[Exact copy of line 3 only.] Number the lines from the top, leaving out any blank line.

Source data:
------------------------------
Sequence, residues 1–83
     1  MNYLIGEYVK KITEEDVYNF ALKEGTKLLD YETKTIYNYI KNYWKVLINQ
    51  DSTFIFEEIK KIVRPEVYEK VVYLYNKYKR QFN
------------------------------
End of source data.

    51  DSTFIFEEIK KIVRPEVYEK VVYLYNKYKR QFN